But we’d now like to address an area where they deserve strong praise.

    We’re talking about legislation the Tennessee General Assembly passed last year to deter the escalating crime of metal theft.

    The legislation, which went into place last fall, imposes stricter requirements on those buying and selling metal.  

  • When word got out that officials were investigating possible terrorism in connection with the TVA disaster, few of us expected that there was anything to it.

    And we were right.

    However, there’s no arguing that ours has been a community hijacked by this disaster.

    Even outside the immediately impacted area, our concerns, and those of our public officials in very trying economic times, have been steered to deal with this problem.

  • We have grave concerns about Roane County Constable Mark Patton’s fitness for duty.

    As for the suit seeking to have him disqualified from elected office, we’re comfortable letting the honorable Judge Russell Simmons deal with merits of that.

    We come here today with another concern — the impact of name-calling and obscene gestures that seem to be in ample supply.

  • We have a letter to the editor on Page 5A noting that the foundation that supports the Kingston Public Library is seeking the donation of books for its ongoing library sale.

    We encourage everyone to go through their bookshelves and pull books they don’t expect to reread and donate them to this good cause.

  • It’s hard to characterize TVA’s role in the ash spill cleanup thus far: The fox guarding the henhouse or the chickens guarding the henhouse?

    Neither is good.

    But however you look at it, it is clear the U.S. Environmental Protection Agency’s increased role in the cleanup effort is an improvement.

    Already, concerned residents are being afforded some comfort with new indepth toxicology and health testing. And as you can tell from our stories on Page 1, the EPA seems to have an improved focus on communication.

  • Roane County is blessed with some wonderful historical treasures.

    The old Roane County Courthouse in Kingston is high on the list, but so is the Temperance Building in Harriman, the Carnegie-built Harriman Public Library, which is nearly 100 years old, and the Southern Railroad Depot in Oliver Springs.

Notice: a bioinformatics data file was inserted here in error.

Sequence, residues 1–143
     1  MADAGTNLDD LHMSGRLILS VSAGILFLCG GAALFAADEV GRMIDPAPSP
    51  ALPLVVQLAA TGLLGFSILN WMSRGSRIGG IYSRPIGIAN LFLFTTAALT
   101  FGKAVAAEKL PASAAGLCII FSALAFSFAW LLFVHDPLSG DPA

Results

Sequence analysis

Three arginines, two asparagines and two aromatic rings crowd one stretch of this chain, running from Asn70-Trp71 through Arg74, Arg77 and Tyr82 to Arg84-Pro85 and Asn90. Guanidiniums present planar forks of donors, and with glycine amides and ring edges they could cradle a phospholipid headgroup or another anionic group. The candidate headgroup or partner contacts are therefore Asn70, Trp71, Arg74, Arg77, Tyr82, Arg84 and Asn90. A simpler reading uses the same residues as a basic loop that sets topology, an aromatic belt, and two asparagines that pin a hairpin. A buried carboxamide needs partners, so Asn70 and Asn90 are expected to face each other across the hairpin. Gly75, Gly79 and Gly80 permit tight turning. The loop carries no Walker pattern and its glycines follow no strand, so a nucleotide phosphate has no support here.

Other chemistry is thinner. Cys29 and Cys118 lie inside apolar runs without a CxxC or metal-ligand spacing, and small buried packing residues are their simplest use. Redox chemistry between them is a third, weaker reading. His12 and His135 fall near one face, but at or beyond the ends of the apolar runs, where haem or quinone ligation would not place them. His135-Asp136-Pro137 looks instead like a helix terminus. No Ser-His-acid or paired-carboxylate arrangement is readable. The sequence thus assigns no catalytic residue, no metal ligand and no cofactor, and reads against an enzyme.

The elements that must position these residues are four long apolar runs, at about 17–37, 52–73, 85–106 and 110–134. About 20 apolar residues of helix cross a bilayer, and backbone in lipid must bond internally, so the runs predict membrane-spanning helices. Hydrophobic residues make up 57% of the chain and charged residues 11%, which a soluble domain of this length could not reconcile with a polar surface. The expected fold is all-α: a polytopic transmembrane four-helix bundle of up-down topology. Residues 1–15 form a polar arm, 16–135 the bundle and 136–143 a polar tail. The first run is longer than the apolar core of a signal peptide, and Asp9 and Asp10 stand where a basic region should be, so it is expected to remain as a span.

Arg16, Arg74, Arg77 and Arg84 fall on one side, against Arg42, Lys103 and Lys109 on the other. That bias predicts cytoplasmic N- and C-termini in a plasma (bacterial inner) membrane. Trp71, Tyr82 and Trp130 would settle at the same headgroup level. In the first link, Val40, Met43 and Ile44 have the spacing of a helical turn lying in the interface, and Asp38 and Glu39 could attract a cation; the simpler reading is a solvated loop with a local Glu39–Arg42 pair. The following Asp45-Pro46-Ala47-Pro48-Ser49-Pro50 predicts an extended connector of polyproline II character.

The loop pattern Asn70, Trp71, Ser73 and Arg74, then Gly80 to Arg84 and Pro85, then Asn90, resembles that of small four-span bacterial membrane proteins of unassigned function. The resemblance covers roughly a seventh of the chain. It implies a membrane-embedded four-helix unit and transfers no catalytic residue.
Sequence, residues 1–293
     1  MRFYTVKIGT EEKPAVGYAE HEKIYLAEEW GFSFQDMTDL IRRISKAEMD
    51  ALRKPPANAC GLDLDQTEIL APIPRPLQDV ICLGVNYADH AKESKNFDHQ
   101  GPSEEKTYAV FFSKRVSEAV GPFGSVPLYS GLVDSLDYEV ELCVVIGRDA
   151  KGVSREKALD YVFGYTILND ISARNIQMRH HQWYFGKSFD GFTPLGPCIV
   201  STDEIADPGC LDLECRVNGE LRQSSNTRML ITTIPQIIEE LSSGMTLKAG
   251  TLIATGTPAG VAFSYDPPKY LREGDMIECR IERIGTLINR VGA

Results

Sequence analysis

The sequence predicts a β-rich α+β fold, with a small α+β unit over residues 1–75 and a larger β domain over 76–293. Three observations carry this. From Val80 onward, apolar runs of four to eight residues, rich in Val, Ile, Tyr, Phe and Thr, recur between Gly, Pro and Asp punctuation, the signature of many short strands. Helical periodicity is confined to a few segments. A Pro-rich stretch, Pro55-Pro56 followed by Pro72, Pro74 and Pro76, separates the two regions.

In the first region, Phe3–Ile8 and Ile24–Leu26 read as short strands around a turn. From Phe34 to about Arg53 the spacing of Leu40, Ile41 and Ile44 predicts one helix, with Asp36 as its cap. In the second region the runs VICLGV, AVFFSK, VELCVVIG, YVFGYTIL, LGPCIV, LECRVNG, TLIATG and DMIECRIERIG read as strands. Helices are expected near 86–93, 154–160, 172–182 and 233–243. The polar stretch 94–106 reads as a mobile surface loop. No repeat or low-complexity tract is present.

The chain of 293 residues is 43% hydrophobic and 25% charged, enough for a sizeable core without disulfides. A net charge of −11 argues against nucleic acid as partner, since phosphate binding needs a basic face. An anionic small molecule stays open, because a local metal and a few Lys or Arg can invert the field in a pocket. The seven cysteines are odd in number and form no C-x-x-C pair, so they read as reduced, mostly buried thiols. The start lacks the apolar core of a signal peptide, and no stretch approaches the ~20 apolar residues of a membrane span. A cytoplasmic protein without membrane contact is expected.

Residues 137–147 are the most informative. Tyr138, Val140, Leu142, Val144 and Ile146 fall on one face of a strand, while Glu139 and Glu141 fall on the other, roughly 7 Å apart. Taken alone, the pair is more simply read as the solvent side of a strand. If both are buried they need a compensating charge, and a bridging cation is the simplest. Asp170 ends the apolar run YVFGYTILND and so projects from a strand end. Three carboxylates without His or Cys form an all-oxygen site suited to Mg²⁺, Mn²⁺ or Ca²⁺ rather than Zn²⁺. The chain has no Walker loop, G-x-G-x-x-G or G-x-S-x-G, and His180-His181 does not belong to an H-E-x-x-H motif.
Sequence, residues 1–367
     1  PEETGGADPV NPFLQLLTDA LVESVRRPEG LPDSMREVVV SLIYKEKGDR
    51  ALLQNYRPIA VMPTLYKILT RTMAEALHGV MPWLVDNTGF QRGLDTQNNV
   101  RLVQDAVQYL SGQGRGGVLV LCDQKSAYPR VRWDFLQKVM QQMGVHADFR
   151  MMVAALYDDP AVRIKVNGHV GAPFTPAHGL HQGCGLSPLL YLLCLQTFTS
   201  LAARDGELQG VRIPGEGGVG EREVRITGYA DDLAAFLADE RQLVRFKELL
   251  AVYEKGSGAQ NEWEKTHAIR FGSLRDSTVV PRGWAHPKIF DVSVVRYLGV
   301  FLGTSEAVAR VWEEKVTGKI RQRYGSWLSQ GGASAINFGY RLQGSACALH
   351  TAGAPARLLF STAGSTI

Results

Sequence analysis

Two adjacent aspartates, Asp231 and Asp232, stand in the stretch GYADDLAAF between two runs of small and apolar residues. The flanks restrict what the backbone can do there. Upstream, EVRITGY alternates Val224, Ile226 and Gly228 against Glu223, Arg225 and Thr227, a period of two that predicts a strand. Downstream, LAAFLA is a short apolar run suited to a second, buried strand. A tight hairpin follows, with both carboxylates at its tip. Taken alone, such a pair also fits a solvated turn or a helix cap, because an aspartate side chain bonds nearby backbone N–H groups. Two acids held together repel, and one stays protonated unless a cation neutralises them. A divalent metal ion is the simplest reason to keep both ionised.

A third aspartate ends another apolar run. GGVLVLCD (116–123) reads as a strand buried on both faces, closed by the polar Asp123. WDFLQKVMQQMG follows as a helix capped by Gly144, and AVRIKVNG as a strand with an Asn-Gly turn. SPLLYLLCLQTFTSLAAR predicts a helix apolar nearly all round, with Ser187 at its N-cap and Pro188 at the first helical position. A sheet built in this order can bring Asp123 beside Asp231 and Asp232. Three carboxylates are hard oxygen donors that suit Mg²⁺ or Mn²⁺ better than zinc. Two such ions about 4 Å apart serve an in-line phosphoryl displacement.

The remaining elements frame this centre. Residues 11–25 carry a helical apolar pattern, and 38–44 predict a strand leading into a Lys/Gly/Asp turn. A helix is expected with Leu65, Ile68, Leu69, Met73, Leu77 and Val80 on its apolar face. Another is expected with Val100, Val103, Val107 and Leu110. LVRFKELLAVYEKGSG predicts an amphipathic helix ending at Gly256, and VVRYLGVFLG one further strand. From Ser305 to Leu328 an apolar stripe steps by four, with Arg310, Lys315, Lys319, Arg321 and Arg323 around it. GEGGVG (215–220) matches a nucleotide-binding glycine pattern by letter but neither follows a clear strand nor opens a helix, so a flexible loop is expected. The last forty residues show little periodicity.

So far, caring people who understand the importance of these treasures — both for tourism and for the cultural heritage of the residents — have helped these structures survive.

  • Former Roane County elections administrator Tony Brown lost his job because of politics last Friday.

    Brown is a Democrat. But a change in the state legislature, from a Democratic majority to more Republicans in power, meant that Republicans also get the edge in county election commissions across the state by three GOP members to two Democrats.

    And as a result, and not unexpectedly, Brown was ousted and a Republican was put in his place.

    We (and the state attorney general) have issues with that process, but that is another matter.

  • Already local election signs are popping up like daffodils around the county.

    Democracy, indeed, is a beautiful thing, but sometimes the process can get ugly.

    Sadly, some of Roane County elections get a case of the “uglies” now and then, and we expect a few races in the June 2 election to hit a few sour notes before the ballots are tabulated.

    One thing to be on the lookout for are unsigned “slam” sheets that spread unsupported rumors and innuendo in an attempt to sway the vote.

  • Deregulation.

    That’s a word we’ve heard a lot in the news lately.

    Extremes in deregulation in the finance sector have been blamed for the severe economic crisis we currently are trying to survive,

    Extremes in deregulation of coal ash storage may be to blame for the massive environmental disaster Roane County faces today.

    This week, a congressional panel told TVA officials they can expect more oversight as a result of last December’s massive ash spill at the Kingston Fossil Plant.